When Jordan Edmond first met Ernest Egu, back in seventh grade, she didn’t even like him that much. She certainly didn’t imagine they’d end up getting married in a Philadelphia pizza restaurant.
That was 15 years ago, when Jordan had decided to be the only girl on the middle school wrestling team and he was on it. Their parents were acquainted, since the families lived a few blocks from one another in Neptune, NJ, near Asbury Park, but that was the extent of their relationship. Then Ernest ended up becoming best friends with her brother, and Jordan found it impossible to get rid of him.
“I think my mom liked him better than I did,” she said, two days before she married him at &Pizza on Walnut Street last Wednesday.
It wasn’t until 10th grade when Jordan relented and agreed to start dating, even though Ernest was a year behind her in school. They stayed a couple on and off until her graduation — “it was a hot mess relationship” — when she brushed him off as she prepared to move to Florida for college.
“I was like, ‘I can’t have a boyfriend, I’m going to college.’” Jordan recalled, now regretful for having been so flippant toward her future life partner. “I’m so rude. I broke his heart.”
Ernest wasn’t one to be tossed aside so lightly. He kept in touch with Jordan even as he threw himself into his own studies, getting into Rutgers and digging in to get his degree in cell biology so he could eventually attend med school. When she sent word that she was pregnant, and wanted to move back home to have the baby — on her own — he stepped up to help.
When Dylan was born, Ernest was in the room. “He even cut the umbilical cord and everything,” Jordan said.
She decided to move to Philly to be closer to him while he attended Cooper Medical School to get his MD. They still weren’t romantically back together, but he was her rock, the serious one, the kind of guy she could rely on, someone who always had everything planned out.
With Ernest at school in Camden just a short drive away from where she was raising her daughter in Philly, Jordan decided to drop the pretense — to herself as much as anyone — that she didn’t love her helpful friend.
“I’m blunt,” she said. “So it was like, ok, I’m ready now, let’s just get this show moving.”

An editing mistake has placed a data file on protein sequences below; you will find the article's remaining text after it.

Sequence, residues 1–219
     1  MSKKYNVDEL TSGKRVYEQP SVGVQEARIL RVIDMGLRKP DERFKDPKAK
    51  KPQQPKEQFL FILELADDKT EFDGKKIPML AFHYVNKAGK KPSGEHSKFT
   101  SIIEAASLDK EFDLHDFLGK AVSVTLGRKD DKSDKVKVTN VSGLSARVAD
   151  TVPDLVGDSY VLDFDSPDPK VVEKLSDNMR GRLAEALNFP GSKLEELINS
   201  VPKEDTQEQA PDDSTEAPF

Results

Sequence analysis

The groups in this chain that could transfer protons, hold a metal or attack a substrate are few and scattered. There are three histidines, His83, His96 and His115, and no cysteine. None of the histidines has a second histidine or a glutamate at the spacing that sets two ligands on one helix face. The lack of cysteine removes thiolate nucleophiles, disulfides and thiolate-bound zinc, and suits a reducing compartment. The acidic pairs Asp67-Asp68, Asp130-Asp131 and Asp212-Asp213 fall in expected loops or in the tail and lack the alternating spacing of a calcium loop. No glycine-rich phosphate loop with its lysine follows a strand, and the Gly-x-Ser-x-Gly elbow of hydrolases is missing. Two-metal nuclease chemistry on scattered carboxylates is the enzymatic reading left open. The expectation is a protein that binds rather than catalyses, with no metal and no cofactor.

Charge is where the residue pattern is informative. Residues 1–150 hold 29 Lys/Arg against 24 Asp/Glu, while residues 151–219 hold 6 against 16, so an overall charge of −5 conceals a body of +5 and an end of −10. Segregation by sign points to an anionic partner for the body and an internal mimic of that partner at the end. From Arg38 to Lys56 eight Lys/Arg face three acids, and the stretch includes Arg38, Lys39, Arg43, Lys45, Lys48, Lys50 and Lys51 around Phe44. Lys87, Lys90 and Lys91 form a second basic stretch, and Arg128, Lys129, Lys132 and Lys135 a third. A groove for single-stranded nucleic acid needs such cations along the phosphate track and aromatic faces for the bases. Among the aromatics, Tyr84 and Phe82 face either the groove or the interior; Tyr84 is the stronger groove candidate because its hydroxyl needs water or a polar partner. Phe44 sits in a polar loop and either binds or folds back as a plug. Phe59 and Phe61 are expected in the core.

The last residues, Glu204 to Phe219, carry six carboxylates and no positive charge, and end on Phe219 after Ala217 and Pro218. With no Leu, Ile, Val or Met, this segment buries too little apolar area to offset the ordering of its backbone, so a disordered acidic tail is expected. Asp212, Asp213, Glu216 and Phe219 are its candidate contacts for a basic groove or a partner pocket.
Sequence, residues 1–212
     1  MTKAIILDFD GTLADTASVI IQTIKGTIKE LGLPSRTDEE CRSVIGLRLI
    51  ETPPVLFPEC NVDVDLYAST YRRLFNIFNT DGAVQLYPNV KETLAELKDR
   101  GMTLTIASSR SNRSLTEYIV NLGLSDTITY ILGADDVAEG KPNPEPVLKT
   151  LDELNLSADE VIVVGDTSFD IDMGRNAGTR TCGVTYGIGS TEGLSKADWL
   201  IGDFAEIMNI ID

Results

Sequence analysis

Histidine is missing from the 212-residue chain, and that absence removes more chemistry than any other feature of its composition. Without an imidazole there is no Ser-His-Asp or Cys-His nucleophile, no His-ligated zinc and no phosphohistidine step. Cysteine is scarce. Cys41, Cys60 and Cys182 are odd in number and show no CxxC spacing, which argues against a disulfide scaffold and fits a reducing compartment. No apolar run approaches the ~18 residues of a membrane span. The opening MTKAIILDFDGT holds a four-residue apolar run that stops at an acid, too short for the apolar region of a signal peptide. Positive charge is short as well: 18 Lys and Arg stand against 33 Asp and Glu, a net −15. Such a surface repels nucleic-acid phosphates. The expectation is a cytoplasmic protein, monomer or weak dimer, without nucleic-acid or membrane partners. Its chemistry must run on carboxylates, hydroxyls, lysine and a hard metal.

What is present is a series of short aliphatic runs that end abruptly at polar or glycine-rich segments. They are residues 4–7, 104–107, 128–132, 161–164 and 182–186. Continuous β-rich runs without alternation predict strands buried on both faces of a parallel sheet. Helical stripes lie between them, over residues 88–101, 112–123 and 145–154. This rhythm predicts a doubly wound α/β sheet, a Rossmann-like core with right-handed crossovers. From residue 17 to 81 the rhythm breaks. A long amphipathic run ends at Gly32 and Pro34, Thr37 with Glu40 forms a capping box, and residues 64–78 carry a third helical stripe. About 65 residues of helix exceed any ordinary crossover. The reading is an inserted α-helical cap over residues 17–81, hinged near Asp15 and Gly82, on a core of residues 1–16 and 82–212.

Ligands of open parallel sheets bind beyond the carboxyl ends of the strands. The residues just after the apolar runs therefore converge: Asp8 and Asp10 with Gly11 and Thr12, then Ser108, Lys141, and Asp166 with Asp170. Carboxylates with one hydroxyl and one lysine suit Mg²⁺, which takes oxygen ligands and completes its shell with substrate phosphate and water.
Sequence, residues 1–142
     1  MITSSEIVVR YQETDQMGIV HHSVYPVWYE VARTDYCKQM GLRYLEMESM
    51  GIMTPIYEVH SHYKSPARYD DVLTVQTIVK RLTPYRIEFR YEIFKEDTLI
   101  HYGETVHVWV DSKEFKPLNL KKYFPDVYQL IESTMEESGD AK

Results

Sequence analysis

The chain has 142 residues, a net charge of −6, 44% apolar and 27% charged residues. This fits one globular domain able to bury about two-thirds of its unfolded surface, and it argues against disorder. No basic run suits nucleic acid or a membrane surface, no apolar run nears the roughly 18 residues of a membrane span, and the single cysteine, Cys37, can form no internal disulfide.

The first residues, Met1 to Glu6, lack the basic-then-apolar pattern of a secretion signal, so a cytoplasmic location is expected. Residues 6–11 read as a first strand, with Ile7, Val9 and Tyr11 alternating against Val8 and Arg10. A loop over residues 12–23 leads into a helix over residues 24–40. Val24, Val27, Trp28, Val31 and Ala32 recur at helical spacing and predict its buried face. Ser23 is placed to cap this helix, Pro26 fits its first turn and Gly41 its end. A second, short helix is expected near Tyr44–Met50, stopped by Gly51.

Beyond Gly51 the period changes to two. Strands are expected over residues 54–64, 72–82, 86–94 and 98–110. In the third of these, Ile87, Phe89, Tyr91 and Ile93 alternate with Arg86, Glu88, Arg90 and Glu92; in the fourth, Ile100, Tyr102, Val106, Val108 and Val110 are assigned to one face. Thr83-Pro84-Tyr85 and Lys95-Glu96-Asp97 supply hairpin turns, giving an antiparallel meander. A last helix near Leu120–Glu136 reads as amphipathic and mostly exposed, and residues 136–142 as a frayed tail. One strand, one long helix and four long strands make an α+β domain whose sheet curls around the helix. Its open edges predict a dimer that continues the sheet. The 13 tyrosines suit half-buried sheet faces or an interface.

Shortly after they decided to tie their fates, a job doing copywriting for an e-commerce firm took Jordan out of the area, to Jersey City. The pair spent the next few years commuting back and forth on weekends. It was both strenuous and expensive, but they weren’t about to lose each other again, now that they’d made the decision to be together.
On Christmas Eve this past December, Ernest finally popped the question.
He’d saved up and bought a sapphire ring, and even though he originally planned on waiting until Jordan’s birthday on March 17, the ring was burning a hole in his pocket. He had to do it. She said yes. Still, he had another semester of medical school to complete — another semester of studies before he could really start earning decent money and begin to pay off all his college loans. They decided to wait before setting a date for their wedding.
Then a friend forwarded an email from &Pizza.
“Tie the knot in our shop — on our dime,” read the message from the DC-based build-your-own-pizza chain, which has been running the promotion as a celebration of Pi Day since 2015. “We’ll bring the official ceremony, flowers, music, food + drink, photographers, + other surprises. You bring the love.”
Ernest chuckled to himself and sent the email on to Jordan. “Haha why would someone send this to us?” he wrote at the top.
She wrote back: “OMG. This is great. Can we do it???”
Convincing Ernest was just the first step. “We had to promise our mothers we’d have a full traditional wedding too, in a couple years,” Jordan said. As for her dad? “He loved the idea.”
Across &Pizza’s three cities (Philly, DC and Baltimore), more than 80 couples applied for the free wedding. But Jordan, who calls herself a pizza snob but says she very much enjoys the chain’s fast-casual take on pies, sent a message that resonated with the company’s self-described “anti-establishment” management:
We want to get married at &pizza because I love to do unexpected things & I love when my guy actually agrees. (He’s a straight-laced med student and I am a copywriter who aspires to be a gypsy. Perfect match, right?). In a world full of Trumps, we love your overall message.
They were in.
Then the weather gods decided to throw one more wrench in the saga. A Pi Day snowstorm forced the cancellation of all the Philly ceremonies. Company reps wanted to know: Would Jordan and Ernest like to do the whole thing the next day instead? Absolutely, they said. After 15 years, they could manage to wait one day more to culminate their love.
“I’m still amazed he agreed to get married at &Pizza,” Jordan marveled on Monday of last week.
Forty-eight hours later, as he sipped champagne from a plastic soda cup and rocked back and forth in anticipation of the ceremony, Ernest spilled the reason:
“Happy wife, Happy life.”